Right to Acceptance – The Fuss Around Neurodiversity?

It seems every day there is another buzzword being thrown around. With social media and the online world making more information accessible. The latest of these is Neurodiversity. But what is neurodiversity really and what effect does it have on how ‘disabilities’ such as ASD, Dyslexia, ADD/ADHD, etc are viewed? 

John Elder Robison, a scholar in residence and a co-chair of the Neurodiversity Working Group at the College of William & Mary explains Neurodiversity as the following: “Neurodiversity postulates that some degree of neurological difference is part and parcel of the human genome, which evolved in us because it benefits our species even when it disables some individuals. The emerging view of autism is that of a neurological difference that confers a mix of gift and disability. That viewpoint is now being extended to other inborn neurological differences, like ADHD and dyslexia.” 

In other words, neurodiversity is a movement that believes that neurological differences like dyslexia are just normal variations in brain development. This is a major shift from the history of stigmatisation of a group of people that may just see the world through differently tinted glasses. The right to own your neurological differences and not be ashamed of them is being reclaimed.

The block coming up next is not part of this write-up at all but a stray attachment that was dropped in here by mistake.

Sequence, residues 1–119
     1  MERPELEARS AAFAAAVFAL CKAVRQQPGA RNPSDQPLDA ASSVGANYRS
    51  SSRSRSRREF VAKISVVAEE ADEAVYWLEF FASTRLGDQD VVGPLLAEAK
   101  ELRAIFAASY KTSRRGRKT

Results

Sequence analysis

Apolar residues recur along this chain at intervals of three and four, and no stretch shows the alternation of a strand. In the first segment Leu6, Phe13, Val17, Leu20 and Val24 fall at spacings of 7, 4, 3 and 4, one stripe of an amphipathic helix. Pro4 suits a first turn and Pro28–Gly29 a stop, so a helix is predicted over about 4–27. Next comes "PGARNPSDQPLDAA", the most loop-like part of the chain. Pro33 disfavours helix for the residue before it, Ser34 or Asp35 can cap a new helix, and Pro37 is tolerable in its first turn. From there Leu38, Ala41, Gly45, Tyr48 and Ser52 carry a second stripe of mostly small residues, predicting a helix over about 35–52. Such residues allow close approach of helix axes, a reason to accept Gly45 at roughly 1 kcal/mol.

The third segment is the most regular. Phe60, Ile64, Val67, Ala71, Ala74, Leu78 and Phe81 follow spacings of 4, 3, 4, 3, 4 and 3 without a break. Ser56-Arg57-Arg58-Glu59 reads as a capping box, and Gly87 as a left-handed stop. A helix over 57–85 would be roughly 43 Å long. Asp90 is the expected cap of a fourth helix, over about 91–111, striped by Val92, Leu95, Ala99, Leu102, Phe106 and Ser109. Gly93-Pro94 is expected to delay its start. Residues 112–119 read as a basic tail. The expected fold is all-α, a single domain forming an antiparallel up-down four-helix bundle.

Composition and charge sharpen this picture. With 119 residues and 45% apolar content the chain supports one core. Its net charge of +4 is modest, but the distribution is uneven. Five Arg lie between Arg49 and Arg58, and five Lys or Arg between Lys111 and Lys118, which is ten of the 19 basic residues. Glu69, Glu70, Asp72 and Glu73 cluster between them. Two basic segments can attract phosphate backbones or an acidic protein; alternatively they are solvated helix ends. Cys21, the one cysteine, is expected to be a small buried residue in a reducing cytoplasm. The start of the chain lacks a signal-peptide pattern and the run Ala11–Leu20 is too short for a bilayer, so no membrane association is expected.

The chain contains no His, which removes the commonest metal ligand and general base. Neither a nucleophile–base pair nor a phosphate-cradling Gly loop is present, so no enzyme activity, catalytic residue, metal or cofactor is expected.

Neurodiversity relates to a large group of variations including ASD, ADD/ADHD, Dyslexia, Dyscalculia, Dyspraxia, Anxiety etc. For a parent of children that may fall into some of these categories, the movement makes a significant difference. Finally, the positives associated with each neurodiverse population is being recognised, where in the past the focus has firmly been on learners’ disadvantages or difficulties. With the stigma washing away, learners, their families and educators can now focus on developing and celebrating learners’ strengths.  

Whereas this is a much-welcomed change, there is the risk that the associated difficulties might now be underplayed and just ‘accepted’ as part and parcel of being neurodiverse. Of course, it is important for learners not to be defined by their difficulties, but equally important to still have high expectations for these learners, and to support them in achieving their full potential. This includes parents making informed decisions to ensure their child is in the right school and receiving the right support.  

Getting extra help from a provider such as Edublox now goes beyond addressing a ‘disability’. It is about empowering and equipping children with the right tools to achieve in a world that is more aware and accepting of their neurodiversity and the value it offers. 


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